If you haven’t heard of comedian Sue Smith yet, you likely will soon, because Time Out New York named her one of the 10 funniest women in NYC in 2014 and she’s coming out with an EP, Slutty Pretzel, on May 7 on The Experiment Comedy Network. Or maybe you met her in McCarren Park one recent Saturday when — as a member of UCB1, the Upright Citizens Brigade “news” team — she asked you to stick something up your vagina to save the world. We called her up to learn more.
B + B Q + A
The Tribeca Film Festival is here and one of the more exciting feature films on view is Jackrabbit, a throwback dystopian sci-fi film that follows the lives of people who cordoned themselves off from the rest of the world after “The Reset,” an event that sounds to us a little bit like the Y2K that never was. But not everything about this post-apocalyptic society is unfamiliar– one major issue is the constant surveillance of citizens of the annexed nation. The only technology available is outmoded stuff, web 1.0 and before. To help set the mood for the spooky, tense atmosphere of the film, Will Berman (of MGMT) was recruited to compose the soundtrack which is ruled by minimal electronic vibes and ambient noise.
Stacy Wakefield’s new book The Sunshine Crust Baking Factory, being published by Akashic in May, weaves together her experiences as a squatter in New York City back in the late ’90s. Though it’s a fictional account and the main character Sid, who makes her home in squats in Williamsburg and the Lower East Side, is based on a number of people, the book still offers a window into the waning years of what was once a vibrant squat scene.
We spoke with Wakefield, 43, about the book and what the squatting life was like before it all but disappeared.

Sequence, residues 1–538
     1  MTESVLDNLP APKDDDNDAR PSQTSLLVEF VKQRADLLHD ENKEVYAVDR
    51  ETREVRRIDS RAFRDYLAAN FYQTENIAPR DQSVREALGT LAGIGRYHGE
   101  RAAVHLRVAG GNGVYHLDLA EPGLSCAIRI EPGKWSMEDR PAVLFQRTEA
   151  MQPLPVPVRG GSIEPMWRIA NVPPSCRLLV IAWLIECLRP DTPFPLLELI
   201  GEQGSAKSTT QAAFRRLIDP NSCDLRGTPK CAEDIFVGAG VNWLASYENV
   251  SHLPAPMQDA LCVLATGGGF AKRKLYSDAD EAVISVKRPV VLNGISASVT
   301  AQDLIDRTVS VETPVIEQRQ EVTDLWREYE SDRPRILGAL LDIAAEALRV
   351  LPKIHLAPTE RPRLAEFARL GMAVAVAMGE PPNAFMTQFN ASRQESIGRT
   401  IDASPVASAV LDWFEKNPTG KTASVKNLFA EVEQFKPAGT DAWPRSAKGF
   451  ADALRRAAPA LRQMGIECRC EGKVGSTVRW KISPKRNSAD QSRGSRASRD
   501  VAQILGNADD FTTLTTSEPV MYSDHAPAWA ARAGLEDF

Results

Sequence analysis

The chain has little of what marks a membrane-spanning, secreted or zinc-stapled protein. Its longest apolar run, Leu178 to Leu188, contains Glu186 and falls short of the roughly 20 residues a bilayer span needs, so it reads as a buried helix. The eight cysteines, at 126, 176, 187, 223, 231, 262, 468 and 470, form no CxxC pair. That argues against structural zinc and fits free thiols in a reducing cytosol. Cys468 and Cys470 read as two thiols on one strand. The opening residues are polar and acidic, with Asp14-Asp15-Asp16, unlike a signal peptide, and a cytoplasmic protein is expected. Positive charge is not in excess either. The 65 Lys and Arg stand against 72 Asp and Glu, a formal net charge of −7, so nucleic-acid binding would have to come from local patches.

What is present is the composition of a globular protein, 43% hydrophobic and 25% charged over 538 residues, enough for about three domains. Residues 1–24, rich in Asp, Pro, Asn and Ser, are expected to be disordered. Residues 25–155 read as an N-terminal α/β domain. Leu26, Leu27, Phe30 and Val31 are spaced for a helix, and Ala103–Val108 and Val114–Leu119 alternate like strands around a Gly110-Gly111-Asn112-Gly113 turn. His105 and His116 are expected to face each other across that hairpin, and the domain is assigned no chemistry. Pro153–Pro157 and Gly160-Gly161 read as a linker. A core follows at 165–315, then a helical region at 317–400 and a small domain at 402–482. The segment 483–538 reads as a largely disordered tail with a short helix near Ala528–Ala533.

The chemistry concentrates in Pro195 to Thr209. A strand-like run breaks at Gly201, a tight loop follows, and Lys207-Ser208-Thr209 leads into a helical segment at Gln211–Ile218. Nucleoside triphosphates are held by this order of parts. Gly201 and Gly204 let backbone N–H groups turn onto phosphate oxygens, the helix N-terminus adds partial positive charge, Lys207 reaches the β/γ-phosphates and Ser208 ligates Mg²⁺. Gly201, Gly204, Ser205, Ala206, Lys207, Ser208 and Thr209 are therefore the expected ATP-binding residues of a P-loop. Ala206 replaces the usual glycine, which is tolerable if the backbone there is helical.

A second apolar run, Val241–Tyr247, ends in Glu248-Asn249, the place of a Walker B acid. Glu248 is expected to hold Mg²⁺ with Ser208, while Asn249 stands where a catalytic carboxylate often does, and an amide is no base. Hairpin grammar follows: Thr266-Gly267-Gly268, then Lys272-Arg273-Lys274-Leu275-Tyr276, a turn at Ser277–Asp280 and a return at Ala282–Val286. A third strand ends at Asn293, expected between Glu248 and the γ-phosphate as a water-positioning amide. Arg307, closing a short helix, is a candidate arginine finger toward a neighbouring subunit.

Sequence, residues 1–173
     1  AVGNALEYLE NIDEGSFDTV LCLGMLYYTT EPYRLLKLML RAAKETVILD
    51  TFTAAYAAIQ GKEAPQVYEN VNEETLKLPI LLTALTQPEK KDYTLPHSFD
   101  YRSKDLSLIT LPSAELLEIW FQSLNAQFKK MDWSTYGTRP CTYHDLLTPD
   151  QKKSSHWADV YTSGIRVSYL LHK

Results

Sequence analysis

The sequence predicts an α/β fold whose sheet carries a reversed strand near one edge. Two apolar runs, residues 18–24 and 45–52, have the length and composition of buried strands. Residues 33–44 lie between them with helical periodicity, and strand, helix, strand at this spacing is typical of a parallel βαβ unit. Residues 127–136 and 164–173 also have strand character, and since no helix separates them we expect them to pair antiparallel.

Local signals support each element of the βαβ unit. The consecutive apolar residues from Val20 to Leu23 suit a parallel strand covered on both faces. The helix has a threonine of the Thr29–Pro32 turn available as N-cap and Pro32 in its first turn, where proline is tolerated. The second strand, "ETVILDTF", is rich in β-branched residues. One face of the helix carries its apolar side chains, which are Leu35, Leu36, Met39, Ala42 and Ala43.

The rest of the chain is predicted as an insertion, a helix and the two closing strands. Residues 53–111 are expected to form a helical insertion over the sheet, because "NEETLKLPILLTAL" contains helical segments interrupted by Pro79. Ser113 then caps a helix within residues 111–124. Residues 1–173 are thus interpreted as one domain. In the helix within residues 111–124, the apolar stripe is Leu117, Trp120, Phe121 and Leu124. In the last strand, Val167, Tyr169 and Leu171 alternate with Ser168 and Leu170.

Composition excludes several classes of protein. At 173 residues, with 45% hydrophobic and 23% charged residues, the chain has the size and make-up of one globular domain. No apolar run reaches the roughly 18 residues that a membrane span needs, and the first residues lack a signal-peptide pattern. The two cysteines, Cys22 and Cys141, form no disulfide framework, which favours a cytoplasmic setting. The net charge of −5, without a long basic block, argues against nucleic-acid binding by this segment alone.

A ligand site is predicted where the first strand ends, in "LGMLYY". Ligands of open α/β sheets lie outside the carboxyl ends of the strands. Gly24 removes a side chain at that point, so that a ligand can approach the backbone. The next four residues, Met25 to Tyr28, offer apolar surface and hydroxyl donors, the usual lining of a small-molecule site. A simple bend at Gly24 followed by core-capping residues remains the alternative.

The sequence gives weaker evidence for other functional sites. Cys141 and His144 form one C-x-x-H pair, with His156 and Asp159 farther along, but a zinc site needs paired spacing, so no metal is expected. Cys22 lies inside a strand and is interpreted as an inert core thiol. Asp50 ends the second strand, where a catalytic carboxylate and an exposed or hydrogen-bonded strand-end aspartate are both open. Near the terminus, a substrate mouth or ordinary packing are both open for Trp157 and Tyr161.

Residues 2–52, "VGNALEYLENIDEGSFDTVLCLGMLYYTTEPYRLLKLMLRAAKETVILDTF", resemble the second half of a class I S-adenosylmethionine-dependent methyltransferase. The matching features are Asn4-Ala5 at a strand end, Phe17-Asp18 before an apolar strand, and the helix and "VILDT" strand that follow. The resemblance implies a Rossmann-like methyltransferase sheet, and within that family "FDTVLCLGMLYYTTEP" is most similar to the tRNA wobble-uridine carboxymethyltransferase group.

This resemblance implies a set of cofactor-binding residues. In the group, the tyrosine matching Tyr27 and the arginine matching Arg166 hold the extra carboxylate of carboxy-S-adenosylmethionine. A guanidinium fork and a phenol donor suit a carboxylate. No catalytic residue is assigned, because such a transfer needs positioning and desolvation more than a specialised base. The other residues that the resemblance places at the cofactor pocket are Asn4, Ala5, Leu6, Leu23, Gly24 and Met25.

Being fanboys of the Brooklyn boy band Bottoms, we caught up with them at their Secret Project Robot home base in Bushwick just before they take off on their European tour. But don’t freak, you still have a chance to catch Jake Dibeler, Simon Leahy, and Michael Prommasit at the Butt magazine party this weekend (appropriately titled Club Butt). For the uninitiated, Bottoms are a gay electro-punk band known for their wild, confrontational draggy shows. Steeped in punk and DIY as well as performance art, these ladies really know how to shake up a static room.
Danielle De Jesus is surprisingly level-headed when talking about how gentrification has affected her family and her community. The 27-year-old artist was born and raised in Bushwick and has seen the neighborhood change dramatically over the past several years. Her photographs, part of a one-day-only exhibition, “Made in Bushwick,” happening at the Living Gallery this Thursday evening, capture a neighborhood most newcomers might never have seen and the stark contrast between old and new.
Questlove — seriously — needs no introduction, not any more. In what was probably for him a typical weekend, he bounced down to SXSW and appeared on a food panel with Austin’s superstar chef Paul Qui, played a DJ set at Qui’s dinner party (followed by D’Angelo set), and promoted the film 808, about the legendary drum machine, in which he appears.